'Erotique Voilee (Meret Oppenheim)', French for 'veiled erotic', 1933, dark room print, Meret Oppenheim was an artist and Ray used her as a model here. Ray was 43 when he produced this work, I noticed his work change from mainly portraiture with friends and aquaintances to fashion with models for campaigns and reasons towards this stage in his life. This piece is held in the Museum of Modern Art in Paris. I think the meaning can tie in with moral, social and cultural issues. This is because of women having no equal rights at this point in time, morals as they are today weren't the same because women didn't work, were seen as the house wives who stayed at homes, this was also a social problem because of people of the world and communities having these opinions to put this into place in the British /French/American culture. The meaning connected with the work is partially hidden, the grease on her shows signs of working and getting dirty, her nakedness has a sex appeal to it for mean but also shows women how they aren't meant to be seen, very shocking at this day and age. The wheel also looks very machine like, something that would be associated with men and working hard which women weren't seen doing. Also, the idea of seeing a women as an object could be bought up, it could be a man forcing her to do this for his own satisfaction. Shapes that geometrically fit together can be seen, they are rounded and soft but are a contrast and look quite harsh compared to her body because of the paleness and the bold black shapes covered in grease and dirt. We are aware that action has taken place because of the dirt on her arms shows work from movement and the stance is as if she is quite tired out.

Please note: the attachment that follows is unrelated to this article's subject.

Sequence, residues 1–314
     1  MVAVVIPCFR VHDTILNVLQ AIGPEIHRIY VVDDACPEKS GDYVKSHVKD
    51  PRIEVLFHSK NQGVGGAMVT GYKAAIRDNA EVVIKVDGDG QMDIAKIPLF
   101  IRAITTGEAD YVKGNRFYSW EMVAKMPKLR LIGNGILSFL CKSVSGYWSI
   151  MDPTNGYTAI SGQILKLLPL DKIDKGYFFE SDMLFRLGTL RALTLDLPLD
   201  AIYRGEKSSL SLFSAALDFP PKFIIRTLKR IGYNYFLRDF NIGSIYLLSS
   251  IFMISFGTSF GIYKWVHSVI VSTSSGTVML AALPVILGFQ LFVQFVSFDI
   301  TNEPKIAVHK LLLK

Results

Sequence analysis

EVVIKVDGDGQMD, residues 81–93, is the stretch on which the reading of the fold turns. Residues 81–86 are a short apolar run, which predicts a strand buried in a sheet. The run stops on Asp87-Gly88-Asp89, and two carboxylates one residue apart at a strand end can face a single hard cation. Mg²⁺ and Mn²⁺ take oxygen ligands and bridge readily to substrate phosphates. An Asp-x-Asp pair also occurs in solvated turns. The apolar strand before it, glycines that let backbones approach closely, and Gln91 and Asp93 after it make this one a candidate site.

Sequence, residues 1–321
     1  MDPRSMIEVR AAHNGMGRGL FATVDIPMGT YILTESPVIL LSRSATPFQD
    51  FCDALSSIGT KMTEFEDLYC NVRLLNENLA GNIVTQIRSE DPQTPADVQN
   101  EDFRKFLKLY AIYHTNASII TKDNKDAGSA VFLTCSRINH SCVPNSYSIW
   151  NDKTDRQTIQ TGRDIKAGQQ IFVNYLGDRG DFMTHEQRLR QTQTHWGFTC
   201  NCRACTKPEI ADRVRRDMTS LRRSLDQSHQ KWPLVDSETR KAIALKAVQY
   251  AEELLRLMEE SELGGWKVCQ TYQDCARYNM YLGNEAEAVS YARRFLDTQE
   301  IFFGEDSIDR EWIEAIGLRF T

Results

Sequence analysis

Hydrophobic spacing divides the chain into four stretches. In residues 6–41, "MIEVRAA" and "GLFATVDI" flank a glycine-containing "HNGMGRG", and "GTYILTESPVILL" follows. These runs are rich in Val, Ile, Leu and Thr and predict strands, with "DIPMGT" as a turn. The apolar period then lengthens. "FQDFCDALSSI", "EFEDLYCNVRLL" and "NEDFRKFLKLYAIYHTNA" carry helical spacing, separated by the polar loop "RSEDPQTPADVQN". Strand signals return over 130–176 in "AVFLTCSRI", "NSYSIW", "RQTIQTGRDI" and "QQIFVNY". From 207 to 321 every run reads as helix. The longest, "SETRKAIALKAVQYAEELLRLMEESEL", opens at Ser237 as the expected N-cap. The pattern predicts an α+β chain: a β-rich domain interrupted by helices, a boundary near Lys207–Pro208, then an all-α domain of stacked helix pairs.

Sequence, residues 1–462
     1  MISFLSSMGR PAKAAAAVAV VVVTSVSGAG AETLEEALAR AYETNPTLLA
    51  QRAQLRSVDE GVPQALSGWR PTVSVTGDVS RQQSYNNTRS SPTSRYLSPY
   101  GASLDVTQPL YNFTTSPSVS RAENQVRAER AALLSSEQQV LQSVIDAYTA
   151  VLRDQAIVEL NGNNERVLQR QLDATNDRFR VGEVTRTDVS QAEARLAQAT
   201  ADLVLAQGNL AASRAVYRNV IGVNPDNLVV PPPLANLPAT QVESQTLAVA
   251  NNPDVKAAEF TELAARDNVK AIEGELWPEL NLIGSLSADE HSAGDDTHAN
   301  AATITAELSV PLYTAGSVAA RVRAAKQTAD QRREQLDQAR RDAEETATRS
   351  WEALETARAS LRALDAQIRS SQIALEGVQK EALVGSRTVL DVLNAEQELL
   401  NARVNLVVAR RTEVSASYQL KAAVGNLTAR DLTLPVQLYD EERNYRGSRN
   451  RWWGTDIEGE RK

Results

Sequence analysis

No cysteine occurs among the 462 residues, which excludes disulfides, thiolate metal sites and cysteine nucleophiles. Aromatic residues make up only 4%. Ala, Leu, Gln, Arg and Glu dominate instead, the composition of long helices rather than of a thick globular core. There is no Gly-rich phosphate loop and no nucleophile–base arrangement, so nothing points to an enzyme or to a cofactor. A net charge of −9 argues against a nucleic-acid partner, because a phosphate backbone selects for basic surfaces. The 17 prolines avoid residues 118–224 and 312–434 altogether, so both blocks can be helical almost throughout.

The piece has been framed as a medium shot, we can see what her expression is and the dirt and her body clearly but also it doesn't cut out the parts of her body we need to see and the machinery. The shapes are rounded on her body and the machine which keeps them both in harmony with eachother but also focuses on the formal element of shape and colour to contrast them, they also create tone from the shadows they make of different shades of greys and black. The tone also helps create realism and depth rather than using a use of lines it is basic shape. The arrangement is pleasing, Ray has kept her in the centre so she is what we see first and are drawn to first. He has balanced a pale background and a pale body by using shadow and created a harmony with harsh shadows and an idea somebody else is there because of the dark shadow on the left side of the photograph.

The photograph has been posed, nakedness and location also positioning of grease has been planned and set up to shoot. I think that the technical process in the darkroom could have involved some burning around the face and arm to balance it out with the dark shadows. The camera is in focus and there are no enhancements or depth of field. Editing hasn't been used because it is a print from the darkroom although it looks as if there could be a light brownish filter over it, slightly sepia. Lighting is dramatic which creates a stronger effect because of the contrast.

The work creates quite a working mood, a feeling of labour and physical movement, also quite a strong look on females. It compares women to men in good and bads ways I've explained. Words that effectively desribe this work could be labour, femininity, power, strength. Ray could have been feeling the vunerability of the model in the narrative, a mans scene and she is baring all, I like it because of the strange and artistic way it presents these meanings.

This trip really inspired me on how to see quality in a portraiture photograph, I felt that all of the photographs really captured the flawless surface and grains you can see microscopically from a darkroom print. You can instantly tell the era that they are from because of this. The slight sepia effect on some of them really captures the vintage and olden effect.